The FCC will vote to repeal its net neutrality rules on
December 14. The outcome is a foregone
The repeal of the rules likely won’t mean broadband
providers will block your access to Google or slow Netflix so
it’s unwatchable. But the move likely will mean the providers
will charge internet companies tolls to be able to send their
content or services to you.
Big companies like Amazon, Google, Facebook, and
Netflix will be able to afford those tolls. But smaller
internet companies could be boxed out.
It’s inevitable — this week, the Federal Communications
Commission will drive a stake in net neutrality.
On December 14, the agency will vote to repeal the net neutrality
rules it put in place in 2015. With Republicans commissioners who
oppose the rules outnumbering Democrats who favor them three to
two, the outcome of the vote isn’t in any doubt. Your protests
and #netneutrality tweets will do nothing — this is really
Assuming the move isn’t blocked by the courts or overturned by
Congress, it could radically reshape the internet by giving an
already powerful group of telecommunications companies a great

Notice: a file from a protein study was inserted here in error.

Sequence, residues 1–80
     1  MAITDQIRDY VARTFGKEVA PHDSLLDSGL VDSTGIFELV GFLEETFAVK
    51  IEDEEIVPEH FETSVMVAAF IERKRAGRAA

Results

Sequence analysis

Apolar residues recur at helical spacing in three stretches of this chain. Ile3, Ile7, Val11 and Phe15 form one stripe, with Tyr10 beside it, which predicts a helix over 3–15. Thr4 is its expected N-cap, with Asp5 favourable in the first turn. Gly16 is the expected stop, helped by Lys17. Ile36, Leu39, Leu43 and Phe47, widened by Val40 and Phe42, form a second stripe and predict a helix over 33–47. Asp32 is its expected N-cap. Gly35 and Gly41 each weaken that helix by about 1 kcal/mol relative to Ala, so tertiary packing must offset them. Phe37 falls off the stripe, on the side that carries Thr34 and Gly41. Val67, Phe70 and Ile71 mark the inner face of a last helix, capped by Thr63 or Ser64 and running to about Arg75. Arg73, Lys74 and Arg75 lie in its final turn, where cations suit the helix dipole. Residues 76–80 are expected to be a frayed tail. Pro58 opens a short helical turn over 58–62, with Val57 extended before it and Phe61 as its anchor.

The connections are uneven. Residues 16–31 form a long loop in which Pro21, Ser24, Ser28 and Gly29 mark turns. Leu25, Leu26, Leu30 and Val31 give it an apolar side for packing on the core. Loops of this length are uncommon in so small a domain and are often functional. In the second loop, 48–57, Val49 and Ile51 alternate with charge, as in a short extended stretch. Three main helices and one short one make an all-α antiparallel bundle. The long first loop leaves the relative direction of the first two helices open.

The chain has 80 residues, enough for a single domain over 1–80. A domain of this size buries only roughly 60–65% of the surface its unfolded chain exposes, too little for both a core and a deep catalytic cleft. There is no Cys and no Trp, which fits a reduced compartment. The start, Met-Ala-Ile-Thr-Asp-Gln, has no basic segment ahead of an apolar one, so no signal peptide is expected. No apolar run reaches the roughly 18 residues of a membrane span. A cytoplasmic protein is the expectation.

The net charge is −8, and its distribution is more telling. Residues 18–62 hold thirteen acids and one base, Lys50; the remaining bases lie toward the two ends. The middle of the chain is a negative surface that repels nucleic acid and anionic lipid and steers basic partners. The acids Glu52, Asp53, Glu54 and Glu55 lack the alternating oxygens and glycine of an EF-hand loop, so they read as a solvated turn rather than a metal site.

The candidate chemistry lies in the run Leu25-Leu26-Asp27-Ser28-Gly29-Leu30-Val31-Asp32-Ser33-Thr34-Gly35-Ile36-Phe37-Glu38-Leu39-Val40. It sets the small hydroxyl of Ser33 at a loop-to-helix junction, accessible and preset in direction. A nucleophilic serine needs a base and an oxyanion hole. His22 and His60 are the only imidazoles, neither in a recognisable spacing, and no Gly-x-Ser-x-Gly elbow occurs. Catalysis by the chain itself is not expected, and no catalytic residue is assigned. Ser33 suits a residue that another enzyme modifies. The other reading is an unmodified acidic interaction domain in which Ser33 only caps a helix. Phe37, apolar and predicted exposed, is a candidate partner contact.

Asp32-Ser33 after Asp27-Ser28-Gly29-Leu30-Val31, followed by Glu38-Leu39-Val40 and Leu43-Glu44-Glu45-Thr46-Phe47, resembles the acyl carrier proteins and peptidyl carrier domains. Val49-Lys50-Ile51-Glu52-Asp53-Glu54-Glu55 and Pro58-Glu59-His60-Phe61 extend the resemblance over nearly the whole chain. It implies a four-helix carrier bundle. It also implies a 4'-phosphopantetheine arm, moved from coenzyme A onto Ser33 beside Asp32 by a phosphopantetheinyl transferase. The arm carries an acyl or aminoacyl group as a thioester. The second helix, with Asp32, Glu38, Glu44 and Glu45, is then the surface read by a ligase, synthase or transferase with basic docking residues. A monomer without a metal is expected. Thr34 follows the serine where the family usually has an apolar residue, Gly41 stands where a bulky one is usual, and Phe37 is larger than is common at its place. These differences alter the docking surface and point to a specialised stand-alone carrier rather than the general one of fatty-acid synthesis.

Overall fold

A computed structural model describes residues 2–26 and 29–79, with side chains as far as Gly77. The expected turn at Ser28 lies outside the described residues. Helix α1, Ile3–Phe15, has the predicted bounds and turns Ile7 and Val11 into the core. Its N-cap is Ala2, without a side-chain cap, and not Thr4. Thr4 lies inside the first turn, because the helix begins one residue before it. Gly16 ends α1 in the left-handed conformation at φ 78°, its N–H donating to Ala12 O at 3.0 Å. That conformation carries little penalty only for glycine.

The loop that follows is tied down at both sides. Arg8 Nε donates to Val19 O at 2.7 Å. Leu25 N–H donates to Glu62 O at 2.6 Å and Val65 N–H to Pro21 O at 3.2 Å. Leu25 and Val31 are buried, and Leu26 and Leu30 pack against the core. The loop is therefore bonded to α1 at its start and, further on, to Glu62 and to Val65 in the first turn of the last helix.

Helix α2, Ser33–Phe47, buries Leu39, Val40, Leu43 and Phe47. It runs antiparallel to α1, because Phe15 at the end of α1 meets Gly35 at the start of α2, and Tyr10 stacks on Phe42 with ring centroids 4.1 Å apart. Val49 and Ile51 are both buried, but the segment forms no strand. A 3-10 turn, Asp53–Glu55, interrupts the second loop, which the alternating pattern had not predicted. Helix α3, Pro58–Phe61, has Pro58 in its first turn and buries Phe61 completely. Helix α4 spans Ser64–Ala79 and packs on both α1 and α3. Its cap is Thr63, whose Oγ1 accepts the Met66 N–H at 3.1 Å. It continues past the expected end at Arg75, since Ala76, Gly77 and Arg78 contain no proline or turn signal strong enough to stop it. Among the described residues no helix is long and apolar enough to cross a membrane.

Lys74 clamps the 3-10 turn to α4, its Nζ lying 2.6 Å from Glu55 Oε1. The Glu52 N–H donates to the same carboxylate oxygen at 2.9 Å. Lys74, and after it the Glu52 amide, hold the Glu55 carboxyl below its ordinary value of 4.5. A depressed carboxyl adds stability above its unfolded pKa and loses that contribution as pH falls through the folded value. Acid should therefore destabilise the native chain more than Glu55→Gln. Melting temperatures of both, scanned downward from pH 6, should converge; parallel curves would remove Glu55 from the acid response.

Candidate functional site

deal of control over what you can see and do online. It will also
likely leave you with higher prices and fewer choices.
That’s all great news for the telecommunications giants – but not
so good for the rest of us.
It’s all about the tolls
Net neutrality is the principal that internet service providers
should, in general, treat all data sent over the network the
same, no matter whether it’s an email, an emoji sent over a chat
service, a phone call, a political rant live-streamed by a
college student from her parents’ basement, or the latest show on
Netflix. In particular, the FCC’s 2015 net neutrality rules bar
ISPs from blocking, slowing, or providing preferential treatment
to particular sites and services.
The battle over the FCC’s rules comes amid a period of increasing
consolidation among telecommunications and content companies.
Comcast owns NBC Universal. AT&T is in a fight to buy Time
Warner. Verizon owns AOL and Yahoo. Those companies already had
immense power over how you connect to the internet. But they now
also have a big stake in what you see and do online.
The repeal of net neutrality will give these giant companies free
rein to favor their own sites, services, and content, and
discriminate against those of rivals. As long as they tell you
what they’re doing, the government won’t stand in their way.
I don’t think this discrimination will come in the form of
blocking or throttling access to rival sites, as some net
neutrality supporters fear. Instead, I think the
telecommunications companies will basically start charging new
fees and tolls.
If you’re a Comcast customer, you may have to pay extra to be
able to stream video from Netflix or Amazon, rather than from NBC
or Hulu, which Comcast part-owns. If you’re a Verizon customer,
you may get charged extra to access Google’s news or finance
sites rather than Yahoo’s.
The rule-free environment the FCC is creating will give such
companies the latitude to squeeze as much money as they can from